Re: DFSG violations: non-free but no contrib
On Wed, Nov 05, 2008, Robert Collins wrote:
> It may be that for that hardware Debian does not fit your desires. Can I
> remind you of this little statement
Please, don't quote the social contract on me.
And I already expressed that I understood my position implied changes
to foundation documents.
> > Now if Debian can distribute a blob which allows my hardware to run as
> > indicated by a clear interface with my free OS, that's good enough for
> > me.
> Why draw the line there? why not be happy if Debian can ship a blob that
> uses the kernel's binary interfaces? There's no moral or technical
I acknowledge it's hard to draw the line. One idea in this thread was
"[ultimately] runs on the host's CPU". It's hard.
> > > And if the answer reduces down to 'firmware is made by proprietary
> > > vendors and does something many people need and we don't have a
> > > replacement yet' - well thats fine, but at various points we didn't have
> > > a free kernel, or a free libc, or a free graphic desktop environment.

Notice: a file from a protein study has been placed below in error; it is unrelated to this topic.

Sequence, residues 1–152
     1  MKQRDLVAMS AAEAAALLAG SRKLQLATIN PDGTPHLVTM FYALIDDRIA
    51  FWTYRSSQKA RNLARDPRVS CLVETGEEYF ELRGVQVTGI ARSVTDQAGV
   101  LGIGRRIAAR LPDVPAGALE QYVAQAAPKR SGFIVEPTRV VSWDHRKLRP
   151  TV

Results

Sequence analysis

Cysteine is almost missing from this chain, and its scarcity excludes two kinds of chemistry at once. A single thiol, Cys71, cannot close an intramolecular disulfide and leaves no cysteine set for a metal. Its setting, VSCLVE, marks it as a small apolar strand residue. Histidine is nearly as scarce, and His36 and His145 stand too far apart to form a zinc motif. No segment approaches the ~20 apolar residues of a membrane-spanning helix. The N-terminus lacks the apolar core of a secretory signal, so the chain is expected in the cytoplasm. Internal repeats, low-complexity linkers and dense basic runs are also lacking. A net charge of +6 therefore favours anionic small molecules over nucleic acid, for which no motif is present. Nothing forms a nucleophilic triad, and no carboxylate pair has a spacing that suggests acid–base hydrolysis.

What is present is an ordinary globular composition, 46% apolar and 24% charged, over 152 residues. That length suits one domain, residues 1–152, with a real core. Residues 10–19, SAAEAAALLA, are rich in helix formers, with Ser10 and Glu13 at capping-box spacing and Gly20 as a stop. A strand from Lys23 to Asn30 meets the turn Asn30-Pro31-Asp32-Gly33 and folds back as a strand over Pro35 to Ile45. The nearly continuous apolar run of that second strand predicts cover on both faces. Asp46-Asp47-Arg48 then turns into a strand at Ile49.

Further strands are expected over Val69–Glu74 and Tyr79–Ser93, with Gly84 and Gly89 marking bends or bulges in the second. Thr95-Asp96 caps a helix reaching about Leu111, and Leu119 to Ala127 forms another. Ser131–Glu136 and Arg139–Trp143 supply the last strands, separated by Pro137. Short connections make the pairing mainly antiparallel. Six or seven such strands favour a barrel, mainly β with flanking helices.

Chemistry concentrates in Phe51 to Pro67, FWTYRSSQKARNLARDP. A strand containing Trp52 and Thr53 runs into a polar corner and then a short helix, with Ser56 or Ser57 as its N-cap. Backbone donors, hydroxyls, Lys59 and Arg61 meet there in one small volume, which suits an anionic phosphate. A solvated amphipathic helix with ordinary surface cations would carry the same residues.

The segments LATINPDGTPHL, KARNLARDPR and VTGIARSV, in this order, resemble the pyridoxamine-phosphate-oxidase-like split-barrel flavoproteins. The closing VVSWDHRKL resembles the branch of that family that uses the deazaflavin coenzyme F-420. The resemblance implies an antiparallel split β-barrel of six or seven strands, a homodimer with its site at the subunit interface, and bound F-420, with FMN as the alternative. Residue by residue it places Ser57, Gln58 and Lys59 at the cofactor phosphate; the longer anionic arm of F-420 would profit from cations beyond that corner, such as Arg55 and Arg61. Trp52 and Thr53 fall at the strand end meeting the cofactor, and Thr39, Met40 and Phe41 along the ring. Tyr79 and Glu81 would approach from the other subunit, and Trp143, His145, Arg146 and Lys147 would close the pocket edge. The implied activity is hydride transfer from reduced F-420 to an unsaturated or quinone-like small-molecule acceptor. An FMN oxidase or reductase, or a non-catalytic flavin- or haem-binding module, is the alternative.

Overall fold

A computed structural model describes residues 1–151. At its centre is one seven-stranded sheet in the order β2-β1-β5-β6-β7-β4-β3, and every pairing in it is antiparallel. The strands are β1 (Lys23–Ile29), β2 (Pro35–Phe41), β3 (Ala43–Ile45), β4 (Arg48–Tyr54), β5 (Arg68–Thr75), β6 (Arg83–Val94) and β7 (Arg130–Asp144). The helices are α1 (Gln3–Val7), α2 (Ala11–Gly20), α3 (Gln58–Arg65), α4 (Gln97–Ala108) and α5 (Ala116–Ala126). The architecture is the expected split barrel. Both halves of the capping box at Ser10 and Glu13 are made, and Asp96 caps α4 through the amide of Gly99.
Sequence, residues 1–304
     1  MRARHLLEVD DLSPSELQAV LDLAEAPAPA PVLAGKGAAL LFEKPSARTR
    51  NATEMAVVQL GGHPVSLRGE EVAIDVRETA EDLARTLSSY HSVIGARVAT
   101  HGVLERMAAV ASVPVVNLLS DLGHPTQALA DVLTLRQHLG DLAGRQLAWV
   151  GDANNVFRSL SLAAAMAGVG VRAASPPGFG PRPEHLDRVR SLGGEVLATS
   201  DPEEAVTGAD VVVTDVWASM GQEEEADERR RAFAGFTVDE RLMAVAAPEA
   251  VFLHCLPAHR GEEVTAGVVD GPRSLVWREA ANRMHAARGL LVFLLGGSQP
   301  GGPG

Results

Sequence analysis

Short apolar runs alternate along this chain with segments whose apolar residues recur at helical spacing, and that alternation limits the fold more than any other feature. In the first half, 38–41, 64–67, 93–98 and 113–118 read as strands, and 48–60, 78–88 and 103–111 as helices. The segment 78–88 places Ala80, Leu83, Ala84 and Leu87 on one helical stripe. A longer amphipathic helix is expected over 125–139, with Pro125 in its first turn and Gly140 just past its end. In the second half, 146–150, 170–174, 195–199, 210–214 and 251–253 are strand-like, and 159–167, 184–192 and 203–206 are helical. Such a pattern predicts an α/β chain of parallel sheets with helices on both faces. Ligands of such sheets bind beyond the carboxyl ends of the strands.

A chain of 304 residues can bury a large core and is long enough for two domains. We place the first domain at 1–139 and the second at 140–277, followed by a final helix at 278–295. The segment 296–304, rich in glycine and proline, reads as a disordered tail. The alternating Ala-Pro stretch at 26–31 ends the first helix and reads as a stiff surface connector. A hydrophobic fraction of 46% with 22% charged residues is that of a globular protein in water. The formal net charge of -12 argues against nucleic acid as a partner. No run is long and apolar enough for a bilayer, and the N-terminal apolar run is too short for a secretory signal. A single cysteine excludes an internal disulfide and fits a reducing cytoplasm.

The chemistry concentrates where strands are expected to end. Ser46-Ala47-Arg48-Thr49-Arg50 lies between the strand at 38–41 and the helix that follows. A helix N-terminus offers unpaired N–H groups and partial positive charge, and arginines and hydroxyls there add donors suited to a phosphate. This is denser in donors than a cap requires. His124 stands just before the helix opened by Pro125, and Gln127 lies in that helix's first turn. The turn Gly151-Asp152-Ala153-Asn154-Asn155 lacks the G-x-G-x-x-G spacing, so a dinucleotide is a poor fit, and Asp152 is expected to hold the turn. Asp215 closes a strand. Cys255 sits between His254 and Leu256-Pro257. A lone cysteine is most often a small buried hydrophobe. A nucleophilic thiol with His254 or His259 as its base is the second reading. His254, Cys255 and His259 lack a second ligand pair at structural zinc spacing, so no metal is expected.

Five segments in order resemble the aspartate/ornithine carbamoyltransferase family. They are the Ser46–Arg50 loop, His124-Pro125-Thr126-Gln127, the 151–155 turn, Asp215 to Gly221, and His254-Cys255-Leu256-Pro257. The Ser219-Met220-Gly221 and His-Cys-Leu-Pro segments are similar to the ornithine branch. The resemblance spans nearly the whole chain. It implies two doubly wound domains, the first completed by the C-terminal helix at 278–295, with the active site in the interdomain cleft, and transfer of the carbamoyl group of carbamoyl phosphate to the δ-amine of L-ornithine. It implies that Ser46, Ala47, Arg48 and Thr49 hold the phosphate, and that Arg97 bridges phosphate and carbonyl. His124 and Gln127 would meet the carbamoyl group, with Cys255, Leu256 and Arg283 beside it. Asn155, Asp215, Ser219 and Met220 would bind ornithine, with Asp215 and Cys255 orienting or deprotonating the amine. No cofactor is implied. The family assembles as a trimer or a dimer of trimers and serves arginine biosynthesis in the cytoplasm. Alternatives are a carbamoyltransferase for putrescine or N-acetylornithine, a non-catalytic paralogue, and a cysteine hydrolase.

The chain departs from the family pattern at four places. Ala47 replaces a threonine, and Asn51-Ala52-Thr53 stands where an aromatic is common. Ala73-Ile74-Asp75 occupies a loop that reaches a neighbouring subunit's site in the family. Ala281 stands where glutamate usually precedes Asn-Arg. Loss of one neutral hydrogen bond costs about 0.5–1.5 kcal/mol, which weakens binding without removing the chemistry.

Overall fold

> > And we didn't have Debian or OpenMoko; and the glibc, linux, and
> > Xorg/GNOME/KDE/Xfce are huge separate projects and we could start new
> > projects to free more things up.
> Debian started in 1993; Linux was first released in 1991, glibc had its
> core functional in 1988
> ( http://en.wikipedia.org/wiki/GNU_C_Library#cite_note-1). KDE was
> started in 1996, and GNOME in 1997. XFree86 forked around 1992, IIRC.
> We *had* Debian long before we had a free graphical desktop environment
> [that really meets the term - a window many isn't enough :)]
I still don't see your point. I hope you see mine that all these
efforts are run as separate projects though. And the availability of
new free software after the apparition of Debian isn't really an
exciting argument. Would Debian have been possible without a free
glibc and a free kernel? Should we make it harder for Debian to be
useful because we don't have free firmware and hardware?
> > Google.com is run with software I don't have access to
> google doesn't affect the functionality of hardware you own.
No, but what is debated here is whether I need to be able to change it.
I can't change google's software, I might not be able to change the
firmware's software depending on the hardware implementation (whether
the firmware can be dynamically loaded) or on the availability of the
firmware's source. Yet I can use google and my wifi card.
What's possible is pretty clear at the time you buy the hardware and
wont change over time, wont require relicensing.
> > , but I use it
> > daily, as well as my microwave
Or my phone; this was to illustrate my point WRT to interfaces: I don't
mind interfacing with something non-free when (there's no free
replacement and) there's a clear interface.
TBH I don't see enough new ideas or arguments in this thread anymore to
justify proposing fundamental changes to our core documents, so I'll